Your guide to Proposition 2: Education bond

broadband internet cloud and globe, apple, stack of books, air conditioner
(Los Angeles Times)

Proposition 2 is a bond measure that would allow the state to borrow $10 billion to help fund repairs and upgrades at thousands of public elementary, middle and high schools and community colleges across California.

The money from the last successful school bond, which passed in 2016, has long since been spent, and the state's school repair fund is expected to be depleted by January. There is a wait list of districts hoping the new bond will pass so that $3.4 billion can be given for already approved projects  to repair hazardous mold, leaky roofs, and septic systems, as well as to build classrooms, modernize science labs and replace aging buildings.

Voters rejected the last school bond in March 2020, a $15-billion proposal that got only 47% of the vote. This time around, after months of closed-door debates, the governor and legislators have lowered the price tag; they hope voters will be in more of a spending mood come November. A simple majority is needed to approve the bond.

What will the measure do?

Proposition 2 would provide $8.5 billion in facility renovations and new construction for TK-12 schools, with 10% of the funds dedicated to small school districts. Community colleges would receive $1.5 billion.

To receive bond money, districts must raise a local bond of their own and then apply to the State Facilities Program for a funding match on a sliding scale up to 65% for renovations and 55% for new construction — 5% more than previous bonds. The exact state match is based on a complicated points formula that seeks to provide a higher match to low-wealth districts that cannot afford to generate much local funding, and those with a high percentage of disadvantaged districts. Districts that are unable to raise more than $15 million can receive up to a 100% match.

Districts can also apply for supplemental funding to help build or renovate transitional kindergarten facilities. This is intended to replace a $550 early education facilities grant that was cut from the governor's most recent budget.

Who are the supporters?

The school bond is supported by dozens of school districts including Los Angeles Unified, the Assn. of California School Administrators, the California School Boards Assn. and construction associations, including the powerful Coalition for Adequate School Housing (CASH).

Supporters say that the money is badly needed to improve the dilapidated conditions of many California schools, and that changes in the way funds are distributed will make the process more equitable. Districts have already started adding local bonds to the ballot in anticipation of the funds.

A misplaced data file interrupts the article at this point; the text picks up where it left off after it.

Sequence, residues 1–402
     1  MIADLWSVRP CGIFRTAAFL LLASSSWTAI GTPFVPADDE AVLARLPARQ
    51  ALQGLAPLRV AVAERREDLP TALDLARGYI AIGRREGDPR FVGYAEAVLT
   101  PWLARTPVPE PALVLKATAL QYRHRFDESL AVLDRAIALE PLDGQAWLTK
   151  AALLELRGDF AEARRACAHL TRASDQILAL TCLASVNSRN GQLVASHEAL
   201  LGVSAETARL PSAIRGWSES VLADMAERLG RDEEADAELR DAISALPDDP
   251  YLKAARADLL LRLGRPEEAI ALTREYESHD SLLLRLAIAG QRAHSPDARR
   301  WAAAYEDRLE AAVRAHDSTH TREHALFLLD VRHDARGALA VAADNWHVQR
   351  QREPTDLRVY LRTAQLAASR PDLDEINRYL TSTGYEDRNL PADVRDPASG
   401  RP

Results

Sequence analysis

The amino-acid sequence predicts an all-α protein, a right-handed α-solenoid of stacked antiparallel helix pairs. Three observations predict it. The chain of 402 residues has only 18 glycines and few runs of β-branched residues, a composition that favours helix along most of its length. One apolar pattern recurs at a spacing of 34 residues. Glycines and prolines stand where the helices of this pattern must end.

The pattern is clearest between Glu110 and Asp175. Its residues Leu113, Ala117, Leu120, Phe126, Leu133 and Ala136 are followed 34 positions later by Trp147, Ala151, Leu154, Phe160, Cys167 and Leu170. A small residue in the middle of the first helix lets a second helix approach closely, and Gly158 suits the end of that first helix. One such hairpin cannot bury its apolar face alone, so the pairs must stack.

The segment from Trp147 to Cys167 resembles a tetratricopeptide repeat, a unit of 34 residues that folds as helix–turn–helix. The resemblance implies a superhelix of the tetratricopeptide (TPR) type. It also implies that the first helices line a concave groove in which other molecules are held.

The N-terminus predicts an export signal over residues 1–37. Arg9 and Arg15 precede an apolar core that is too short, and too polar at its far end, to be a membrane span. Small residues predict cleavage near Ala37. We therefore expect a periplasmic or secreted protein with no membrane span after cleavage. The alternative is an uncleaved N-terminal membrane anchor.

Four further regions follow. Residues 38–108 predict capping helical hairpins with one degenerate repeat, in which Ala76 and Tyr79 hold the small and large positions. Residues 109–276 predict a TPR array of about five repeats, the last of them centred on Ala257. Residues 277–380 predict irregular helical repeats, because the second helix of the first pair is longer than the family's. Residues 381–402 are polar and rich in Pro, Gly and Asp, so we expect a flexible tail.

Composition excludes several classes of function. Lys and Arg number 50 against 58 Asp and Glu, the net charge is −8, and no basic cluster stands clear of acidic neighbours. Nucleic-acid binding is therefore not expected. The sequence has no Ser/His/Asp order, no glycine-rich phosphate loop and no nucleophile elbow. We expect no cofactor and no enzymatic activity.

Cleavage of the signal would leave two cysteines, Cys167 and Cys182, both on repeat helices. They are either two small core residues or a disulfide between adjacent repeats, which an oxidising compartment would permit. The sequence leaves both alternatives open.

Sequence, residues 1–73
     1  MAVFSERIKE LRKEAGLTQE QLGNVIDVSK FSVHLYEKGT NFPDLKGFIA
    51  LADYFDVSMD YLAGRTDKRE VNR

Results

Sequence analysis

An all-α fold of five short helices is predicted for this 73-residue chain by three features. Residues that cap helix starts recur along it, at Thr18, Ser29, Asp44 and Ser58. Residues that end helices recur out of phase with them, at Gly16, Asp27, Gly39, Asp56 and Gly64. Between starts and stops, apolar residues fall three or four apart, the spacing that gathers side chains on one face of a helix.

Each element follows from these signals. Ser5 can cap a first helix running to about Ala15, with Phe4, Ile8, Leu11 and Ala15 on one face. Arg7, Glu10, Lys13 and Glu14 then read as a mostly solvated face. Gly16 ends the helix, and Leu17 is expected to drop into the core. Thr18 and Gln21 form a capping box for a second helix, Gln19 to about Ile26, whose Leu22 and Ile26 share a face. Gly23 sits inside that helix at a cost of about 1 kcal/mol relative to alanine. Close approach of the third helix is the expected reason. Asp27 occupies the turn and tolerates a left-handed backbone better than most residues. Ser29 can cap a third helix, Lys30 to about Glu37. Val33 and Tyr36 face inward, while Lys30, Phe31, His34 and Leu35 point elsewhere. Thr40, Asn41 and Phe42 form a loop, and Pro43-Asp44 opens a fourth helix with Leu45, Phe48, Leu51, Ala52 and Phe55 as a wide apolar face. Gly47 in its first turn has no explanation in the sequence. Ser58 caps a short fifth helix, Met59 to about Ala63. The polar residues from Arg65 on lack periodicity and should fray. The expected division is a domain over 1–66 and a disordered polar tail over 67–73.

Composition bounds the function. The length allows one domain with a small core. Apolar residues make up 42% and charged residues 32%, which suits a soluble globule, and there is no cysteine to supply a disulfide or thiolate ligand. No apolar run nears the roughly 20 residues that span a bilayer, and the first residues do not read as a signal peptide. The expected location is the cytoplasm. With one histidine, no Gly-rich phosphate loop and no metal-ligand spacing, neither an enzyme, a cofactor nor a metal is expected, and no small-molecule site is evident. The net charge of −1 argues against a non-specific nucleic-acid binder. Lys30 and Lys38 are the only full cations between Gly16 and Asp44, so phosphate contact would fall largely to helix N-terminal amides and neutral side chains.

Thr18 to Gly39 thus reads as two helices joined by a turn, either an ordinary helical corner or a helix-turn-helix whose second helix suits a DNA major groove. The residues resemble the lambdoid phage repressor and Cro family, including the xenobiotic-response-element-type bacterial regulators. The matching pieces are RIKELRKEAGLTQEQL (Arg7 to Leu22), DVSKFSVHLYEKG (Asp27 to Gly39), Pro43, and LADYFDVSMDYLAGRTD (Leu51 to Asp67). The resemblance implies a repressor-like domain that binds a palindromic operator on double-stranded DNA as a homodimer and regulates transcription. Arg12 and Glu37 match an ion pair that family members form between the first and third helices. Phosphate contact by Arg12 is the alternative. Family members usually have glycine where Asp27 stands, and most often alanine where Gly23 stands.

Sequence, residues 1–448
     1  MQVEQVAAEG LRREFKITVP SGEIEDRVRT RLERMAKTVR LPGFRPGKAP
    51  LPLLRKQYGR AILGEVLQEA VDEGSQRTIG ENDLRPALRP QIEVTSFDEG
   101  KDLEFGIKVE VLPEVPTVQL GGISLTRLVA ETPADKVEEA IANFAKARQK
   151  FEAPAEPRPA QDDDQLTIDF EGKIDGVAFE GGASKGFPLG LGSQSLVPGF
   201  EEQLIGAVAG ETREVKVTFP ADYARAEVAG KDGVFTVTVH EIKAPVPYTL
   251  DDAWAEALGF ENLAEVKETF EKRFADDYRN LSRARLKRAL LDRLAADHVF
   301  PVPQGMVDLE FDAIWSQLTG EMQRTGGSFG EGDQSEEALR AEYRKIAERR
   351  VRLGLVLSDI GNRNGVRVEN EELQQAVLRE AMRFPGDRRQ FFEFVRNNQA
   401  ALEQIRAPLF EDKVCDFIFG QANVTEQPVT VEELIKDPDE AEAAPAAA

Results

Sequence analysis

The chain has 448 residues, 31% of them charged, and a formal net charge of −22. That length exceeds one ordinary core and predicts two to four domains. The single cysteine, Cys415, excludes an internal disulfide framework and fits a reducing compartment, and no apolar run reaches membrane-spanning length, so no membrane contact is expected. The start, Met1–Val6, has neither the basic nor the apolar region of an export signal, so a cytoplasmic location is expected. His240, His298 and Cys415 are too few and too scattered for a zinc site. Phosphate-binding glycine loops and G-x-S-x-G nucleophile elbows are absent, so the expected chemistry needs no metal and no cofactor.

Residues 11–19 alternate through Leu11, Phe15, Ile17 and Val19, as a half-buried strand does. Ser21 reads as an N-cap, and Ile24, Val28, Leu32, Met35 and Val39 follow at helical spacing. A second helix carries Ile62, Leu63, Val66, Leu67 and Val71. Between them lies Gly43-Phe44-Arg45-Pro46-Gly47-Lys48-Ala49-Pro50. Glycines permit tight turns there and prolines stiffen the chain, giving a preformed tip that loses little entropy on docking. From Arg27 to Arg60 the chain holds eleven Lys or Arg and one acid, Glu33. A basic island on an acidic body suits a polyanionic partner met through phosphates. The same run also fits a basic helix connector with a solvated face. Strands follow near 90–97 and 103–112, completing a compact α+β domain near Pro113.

“These are critical dollars that we’ve been waiting on for too long, unfortunately, for our districts,” said Dorothy Johnson, legislative advocate for the Assn. of California School Administrators. “For some schools this will mean they will have a gymnasium. For some schools this will mean that they can have indoor plumbing. But it will mean something for every district.”

Who are the opponents?

Opponents of the bill include some low-wealth districts and advocacy groups that say the proposal does not go far enough in addressing the equity gap that benefits affluent school districts.

A recent report from the UC Berkeley Center for Cities + Schools found that districts in the wealthiest communities got $4,000-$5,000 more, per student, to modernize their facilities than districts in the least affluent communities. This is because districts receive a match based on what they can raise themselves. Districts with low wealth and property values are limited in the amount of a bond they can raise, while wealthy districts and large urban districts like Los Angeles and San Francisco can raise much more.

“We’re sending a message and a wrong message that some kids matter more than others,” said Lynwood Unified School District superintendent Gudiel R. Crosthwaite.

Public Advocates, a public interest law firm, had proposed a different sliding scale that would have given the lowest-wealth districts, such as Lynwood, a 95% match from the state with a 5% local contribution, while the richest districts would have received just a 5% match for a 95% local contribution.

The firm has now threatened to sue the state based on the current proposal language, which they say violates students' constitutional right to a high-quality education.

Why is this on the ballot?

A growing body of research has found that good environmental conditions — including clean air, light and safe building facilities — improve students' academic achievement. Yet a report from the Public Policy Institute of California found that 38% of students statewide go to schools that do not meet minimum facility standards.

Without a dedicated funding stream for school facilities, California depends on raising money from state or local bonds. Since 1998, voter-approved ballot initiatives have raised $43 billion in bonds to finance school repairs, modernization and new construction. But with no new state bond funding since 2016, the money needed to make necessary repairs has been exhausted, and a new infusion of funds is needed.

More election news

Sign up for Essential California for news, features and recommendations from the L.A. Times and beyond in your inbox six days a week.

This story originally appeared in Los Angeles Times.